The Board of Regents said it received more than 10 proposals for the assignment, according to the Las Cruces Sun-News.

Related: Academic Sector Pumping Big Fees Into Search Firms

Finalists are expected to be brought to campus in April. The new chancellor will begin his or her term on July 1.

Last summer, NMSU’s current president and chancellor, Garrey Carruthers, announced that he would be retiring this summer, at the end of his contract. A former Republican governor of New Mexico, Mr. Carruthers has been chancellor since 2013. Reportedly, he was willing to stay in the job another two years, but the Board of Regents informed him that his contract would not be renewed.

A Curtailed Role

This month, the regents went one step further, passing a resolution that curbed Mr. Carruthers’ ability to hire and fire senior leadership and other positions during his remaining time, a move that was lambasted by state legislators as uncalled for and sending a dubious signal to candidates for the role. The regents chair and vice chair defended their actions in a letter to lawmakers: “Given our opportunity to improve student outcomes in enrollment retention and graduation rates – it is critical that the new chancellor has the ability to select as many members of his or her team as possible to ensure long-term success for growing NMSU.”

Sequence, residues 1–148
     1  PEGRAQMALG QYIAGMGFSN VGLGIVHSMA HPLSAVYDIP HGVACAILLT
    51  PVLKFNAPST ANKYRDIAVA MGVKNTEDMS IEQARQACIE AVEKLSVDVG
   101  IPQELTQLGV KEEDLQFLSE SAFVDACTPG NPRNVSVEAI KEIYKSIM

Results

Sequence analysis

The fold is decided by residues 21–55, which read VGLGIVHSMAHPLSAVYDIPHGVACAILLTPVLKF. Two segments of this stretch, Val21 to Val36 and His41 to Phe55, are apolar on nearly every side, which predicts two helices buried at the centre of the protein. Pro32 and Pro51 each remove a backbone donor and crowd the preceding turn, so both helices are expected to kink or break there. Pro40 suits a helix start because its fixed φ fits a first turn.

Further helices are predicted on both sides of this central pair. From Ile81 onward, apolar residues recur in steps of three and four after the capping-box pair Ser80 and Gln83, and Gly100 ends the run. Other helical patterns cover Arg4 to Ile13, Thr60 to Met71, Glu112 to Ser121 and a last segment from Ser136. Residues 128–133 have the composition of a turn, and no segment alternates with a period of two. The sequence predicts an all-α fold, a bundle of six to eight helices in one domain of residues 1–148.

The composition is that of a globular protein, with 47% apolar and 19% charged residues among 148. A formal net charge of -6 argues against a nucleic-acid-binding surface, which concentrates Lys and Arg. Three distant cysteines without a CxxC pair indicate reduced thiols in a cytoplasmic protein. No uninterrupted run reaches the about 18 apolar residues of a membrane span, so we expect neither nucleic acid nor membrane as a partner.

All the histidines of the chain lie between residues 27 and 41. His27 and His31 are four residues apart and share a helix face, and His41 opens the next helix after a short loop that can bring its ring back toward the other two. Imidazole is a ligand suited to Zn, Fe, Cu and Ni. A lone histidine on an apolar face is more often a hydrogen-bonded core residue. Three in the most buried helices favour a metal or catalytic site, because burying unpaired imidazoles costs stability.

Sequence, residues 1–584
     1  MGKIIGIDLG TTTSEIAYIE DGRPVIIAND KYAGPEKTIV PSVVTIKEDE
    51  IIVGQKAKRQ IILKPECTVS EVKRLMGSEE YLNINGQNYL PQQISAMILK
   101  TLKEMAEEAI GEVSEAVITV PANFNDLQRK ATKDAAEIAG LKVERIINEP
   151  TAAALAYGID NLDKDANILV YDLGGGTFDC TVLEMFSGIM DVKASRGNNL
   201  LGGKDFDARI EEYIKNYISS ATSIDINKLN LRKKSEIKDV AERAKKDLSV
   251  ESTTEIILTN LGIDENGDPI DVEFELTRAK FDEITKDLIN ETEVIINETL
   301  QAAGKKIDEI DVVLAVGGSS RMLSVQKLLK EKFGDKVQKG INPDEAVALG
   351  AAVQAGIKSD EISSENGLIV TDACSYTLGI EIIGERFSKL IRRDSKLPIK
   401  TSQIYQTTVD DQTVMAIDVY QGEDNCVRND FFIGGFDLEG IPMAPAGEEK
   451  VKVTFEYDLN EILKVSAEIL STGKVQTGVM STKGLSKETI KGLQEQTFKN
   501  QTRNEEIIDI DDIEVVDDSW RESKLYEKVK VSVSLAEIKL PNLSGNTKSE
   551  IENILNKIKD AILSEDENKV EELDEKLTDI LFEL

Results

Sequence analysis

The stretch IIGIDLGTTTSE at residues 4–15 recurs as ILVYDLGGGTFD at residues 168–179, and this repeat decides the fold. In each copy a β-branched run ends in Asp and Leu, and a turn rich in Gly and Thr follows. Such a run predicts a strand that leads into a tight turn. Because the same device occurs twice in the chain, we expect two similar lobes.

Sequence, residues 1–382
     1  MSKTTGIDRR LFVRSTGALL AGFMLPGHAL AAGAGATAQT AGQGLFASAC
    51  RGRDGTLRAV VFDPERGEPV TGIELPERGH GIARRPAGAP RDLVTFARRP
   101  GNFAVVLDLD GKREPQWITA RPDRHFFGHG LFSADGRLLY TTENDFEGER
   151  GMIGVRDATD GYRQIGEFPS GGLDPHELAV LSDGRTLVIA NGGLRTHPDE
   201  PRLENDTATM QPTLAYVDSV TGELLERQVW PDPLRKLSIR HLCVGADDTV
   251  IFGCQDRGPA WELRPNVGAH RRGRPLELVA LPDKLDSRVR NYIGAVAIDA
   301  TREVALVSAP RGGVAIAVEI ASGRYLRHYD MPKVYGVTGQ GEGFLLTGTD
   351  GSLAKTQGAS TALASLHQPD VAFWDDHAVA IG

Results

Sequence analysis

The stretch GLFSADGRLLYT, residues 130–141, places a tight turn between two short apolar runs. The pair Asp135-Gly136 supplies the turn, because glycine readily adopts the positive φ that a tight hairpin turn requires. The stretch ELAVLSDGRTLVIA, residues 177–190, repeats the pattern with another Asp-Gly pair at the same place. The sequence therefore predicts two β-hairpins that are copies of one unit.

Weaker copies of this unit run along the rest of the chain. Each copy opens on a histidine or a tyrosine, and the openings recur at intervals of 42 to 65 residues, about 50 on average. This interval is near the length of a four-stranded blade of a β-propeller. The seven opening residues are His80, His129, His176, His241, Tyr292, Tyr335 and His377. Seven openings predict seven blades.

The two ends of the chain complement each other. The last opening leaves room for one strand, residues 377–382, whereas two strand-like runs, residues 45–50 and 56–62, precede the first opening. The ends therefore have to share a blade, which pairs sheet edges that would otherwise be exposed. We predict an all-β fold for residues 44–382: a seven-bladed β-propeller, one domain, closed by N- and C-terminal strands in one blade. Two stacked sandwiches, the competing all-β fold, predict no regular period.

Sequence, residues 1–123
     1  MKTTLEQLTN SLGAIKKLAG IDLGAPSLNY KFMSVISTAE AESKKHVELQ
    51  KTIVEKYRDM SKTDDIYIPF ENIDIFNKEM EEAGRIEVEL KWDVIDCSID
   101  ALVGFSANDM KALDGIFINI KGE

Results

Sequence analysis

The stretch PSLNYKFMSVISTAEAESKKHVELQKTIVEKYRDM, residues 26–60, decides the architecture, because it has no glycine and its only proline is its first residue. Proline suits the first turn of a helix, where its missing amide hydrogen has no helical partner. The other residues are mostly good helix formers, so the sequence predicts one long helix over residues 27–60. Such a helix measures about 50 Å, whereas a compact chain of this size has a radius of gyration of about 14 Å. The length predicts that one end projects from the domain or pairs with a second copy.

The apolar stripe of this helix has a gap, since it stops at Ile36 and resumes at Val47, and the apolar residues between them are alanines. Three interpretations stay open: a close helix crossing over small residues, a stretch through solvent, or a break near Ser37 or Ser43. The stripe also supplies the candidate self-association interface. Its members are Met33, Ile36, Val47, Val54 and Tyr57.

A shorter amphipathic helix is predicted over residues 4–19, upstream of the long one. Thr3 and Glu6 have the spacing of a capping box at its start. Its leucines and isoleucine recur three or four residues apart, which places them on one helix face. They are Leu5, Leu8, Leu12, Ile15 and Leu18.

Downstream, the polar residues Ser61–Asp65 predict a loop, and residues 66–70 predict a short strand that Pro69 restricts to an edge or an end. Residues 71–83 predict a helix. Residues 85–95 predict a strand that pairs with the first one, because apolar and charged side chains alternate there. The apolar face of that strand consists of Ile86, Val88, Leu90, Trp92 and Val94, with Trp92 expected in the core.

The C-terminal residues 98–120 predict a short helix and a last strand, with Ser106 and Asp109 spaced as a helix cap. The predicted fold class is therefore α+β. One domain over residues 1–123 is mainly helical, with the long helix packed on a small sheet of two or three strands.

To replace Mr. Carruthers, the regents want an individual with integrity, high energy and demonstrated leadership and administrative abilities who can shape, articulate, lead and implement the purposeful, engaging and dynamic mission of NMSU, said Wheless Partners.